Today, video surveillance is table stakes for restaurant and service-related franchises in their fight against theft and fraud. When the U.S. Chamber of Commerce reports that 75% of employees admit to theft, remotely monitoring your franchise stores is simply the cost of doing business.
In the not-too-distant past, video surveillance consisted of low-resolution, closed-circuit cameras that generated silent, grainy, stuttering video that was, frankly, useless in many cases. Tapes, disks, or files piled up. Video was reviewed reactively, if at all, and usually only if an incident occurred.
Video intelligence today has changed dramatically. Today's technological advances are helping operators go beyond simple surveillance. By integrating modern video technology with point-of-sale systems and data, and applying advanced business analytics, forward-thinking operators of all sizes are using it to transform their operations to deliver a more differentiated, customer-centric experience; engender a culture of responsibility; and transform operations and marketing - in some cases resulting in double-digit profit improvement.
Here are five things franchisors and franchisees should know about modern video intelligence, how it has changed, and how it is helping to improve operations and more effectively deliver on the brand promise.
1) Go to the game film. Tapes, videos, and DVDs have gone the way of the flip-phone. Today video is stored in digital files, either on premise or in the cloud, and is easily organized and searchable through integration with POS or other business systems. When something "interesting" occurs, franchisors can simply search the database using keywords, watch the film to get the context behind the event, and then file it away with comments or next steps.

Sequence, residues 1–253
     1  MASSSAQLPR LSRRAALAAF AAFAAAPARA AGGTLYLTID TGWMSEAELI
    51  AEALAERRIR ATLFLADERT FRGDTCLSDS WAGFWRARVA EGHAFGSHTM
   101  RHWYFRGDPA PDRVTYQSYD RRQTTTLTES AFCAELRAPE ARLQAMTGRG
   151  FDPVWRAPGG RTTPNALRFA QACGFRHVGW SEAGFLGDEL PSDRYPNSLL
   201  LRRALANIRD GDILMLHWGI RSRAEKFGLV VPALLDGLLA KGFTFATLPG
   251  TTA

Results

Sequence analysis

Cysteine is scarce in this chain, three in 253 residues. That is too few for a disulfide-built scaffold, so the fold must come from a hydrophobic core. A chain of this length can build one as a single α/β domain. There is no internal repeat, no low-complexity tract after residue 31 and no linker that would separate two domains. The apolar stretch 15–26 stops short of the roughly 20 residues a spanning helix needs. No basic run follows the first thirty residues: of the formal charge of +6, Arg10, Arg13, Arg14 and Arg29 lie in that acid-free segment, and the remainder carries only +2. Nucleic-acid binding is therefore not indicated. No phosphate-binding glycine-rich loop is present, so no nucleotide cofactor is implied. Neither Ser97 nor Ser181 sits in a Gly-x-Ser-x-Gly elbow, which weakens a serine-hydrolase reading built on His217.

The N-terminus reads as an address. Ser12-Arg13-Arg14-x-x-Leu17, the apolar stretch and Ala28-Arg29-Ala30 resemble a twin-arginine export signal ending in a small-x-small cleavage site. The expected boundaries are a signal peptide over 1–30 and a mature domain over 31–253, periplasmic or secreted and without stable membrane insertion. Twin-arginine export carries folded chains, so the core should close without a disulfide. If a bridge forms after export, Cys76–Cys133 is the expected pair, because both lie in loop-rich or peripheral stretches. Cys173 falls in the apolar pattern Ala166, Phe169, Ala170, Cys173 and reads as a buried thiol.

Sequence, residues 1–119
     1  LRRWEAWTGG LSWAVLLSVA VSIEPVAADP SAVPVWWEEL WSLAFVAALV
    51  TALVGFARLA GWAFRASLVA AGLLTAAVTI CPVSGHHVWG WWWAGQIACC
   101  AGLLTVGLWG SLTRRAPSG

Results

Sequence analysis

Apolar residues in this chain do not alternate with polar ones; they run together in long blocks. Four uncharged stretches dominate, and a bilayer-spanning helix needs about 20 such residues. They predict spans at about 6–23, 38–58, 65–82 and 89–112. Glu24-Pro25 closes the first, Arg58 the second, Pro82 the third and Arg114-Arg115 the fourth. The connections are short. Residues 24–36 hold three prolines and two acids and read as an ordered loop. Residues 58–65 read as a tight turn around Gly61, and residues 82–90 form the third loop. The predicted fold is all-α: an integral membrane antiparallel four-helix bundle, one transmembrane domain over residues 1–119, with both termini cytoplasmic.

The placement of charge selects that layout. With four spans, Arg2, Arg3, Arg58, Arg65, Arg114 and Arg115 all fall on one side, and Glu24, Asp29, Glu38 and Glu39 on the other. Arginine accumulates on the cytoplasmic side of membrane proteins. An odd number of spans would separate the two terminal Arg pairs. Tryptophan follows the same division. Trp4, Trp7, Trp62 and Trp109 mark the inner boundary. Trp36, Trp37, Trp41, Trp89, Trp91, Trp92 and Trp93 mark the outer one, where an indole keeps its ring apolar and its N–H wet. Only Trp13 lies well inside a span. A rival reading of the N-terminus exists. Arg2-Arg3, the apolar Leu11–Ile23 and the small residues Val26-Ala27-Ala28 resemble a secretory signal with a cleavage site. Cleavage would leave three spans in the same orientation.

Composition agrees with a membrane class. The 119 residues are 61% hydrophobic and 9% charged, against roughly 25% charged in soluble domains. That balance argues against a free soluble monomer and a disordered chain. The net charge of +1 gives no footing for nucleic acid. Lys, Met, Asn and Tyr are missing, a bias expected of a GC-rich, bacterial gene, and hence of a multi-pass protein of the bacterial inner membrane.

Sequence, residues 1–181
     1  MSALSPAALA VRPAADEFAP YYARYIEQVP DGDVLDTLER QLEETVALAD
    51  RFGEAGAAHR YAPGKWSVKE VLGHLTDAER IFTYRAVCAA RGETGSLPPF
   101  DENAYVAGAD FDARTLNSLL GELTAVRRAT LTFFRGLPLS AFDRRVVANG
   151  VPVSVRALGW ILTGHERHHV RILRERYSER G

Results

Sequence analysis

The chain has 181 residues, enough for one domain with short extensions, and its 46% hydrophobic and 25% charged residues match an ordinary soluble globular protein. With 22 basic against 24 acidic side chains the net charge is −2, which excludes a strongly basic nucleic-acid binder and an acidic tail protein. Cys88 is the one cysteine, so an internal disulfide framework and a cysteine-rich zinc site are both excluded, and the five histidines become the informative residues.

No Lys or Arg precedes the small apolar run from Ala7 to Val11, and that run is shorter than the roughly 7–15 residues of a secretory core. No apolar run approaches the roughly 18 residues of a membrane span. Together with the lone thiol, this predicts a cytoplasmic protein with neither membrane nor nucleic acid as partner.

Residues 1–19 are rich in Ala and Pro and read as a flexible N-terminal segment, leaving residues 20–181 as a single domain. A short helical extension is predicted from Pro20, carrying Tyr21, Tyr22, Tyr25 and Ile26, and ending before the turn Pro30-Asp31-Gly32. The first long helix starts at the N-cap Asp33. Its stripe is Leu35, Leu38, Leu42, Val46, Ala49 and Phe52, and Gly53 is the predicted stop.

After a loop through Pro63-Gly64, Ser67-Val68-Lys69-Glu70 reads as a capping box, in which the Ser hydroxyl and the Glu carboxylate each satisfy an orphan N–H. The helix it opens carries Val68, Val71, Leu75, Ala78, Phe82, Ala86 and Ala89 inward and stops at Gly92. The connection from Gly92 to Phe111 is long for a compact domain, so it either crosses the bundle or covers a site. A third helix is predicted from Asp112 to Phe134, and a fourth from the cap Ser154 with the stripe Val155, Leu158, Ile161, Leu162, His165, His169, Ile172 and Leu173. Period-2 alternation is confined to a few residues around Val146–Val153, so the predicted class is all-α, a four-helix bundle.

2) Illumination to insight. Having access to the visual context behind any meaningful event is one thing. Being able to identify and understand it is quite another. In the fight against theft and fraud, for instance, franchisors can generate exception reports on high-risk transactions such as no sales, cash refunds, or low dollar transactions and instantly review only the video associated with those critical events, versus having to search through hours of video.
3) Put me in, coach! Upselling (super-sizing) and cross-selling ("Would you like fries with that?") may seem simple enough, but in fact they are advanced sales techniques that require skills, training, and practice - and are often difficult to get associates to do on a consistent basis. Intelligent video, integrated with POS systems, allows operators to assess how employees are doing on this front, and coach and train employees by example. Operators can see how associates are doing, then "go to the tape" to show an employee examples of both great customer interactions and missed upsell opportunities, providing an effective learning experience for the trainee. Some companies also monitor employees and score them to provide an outside perspective.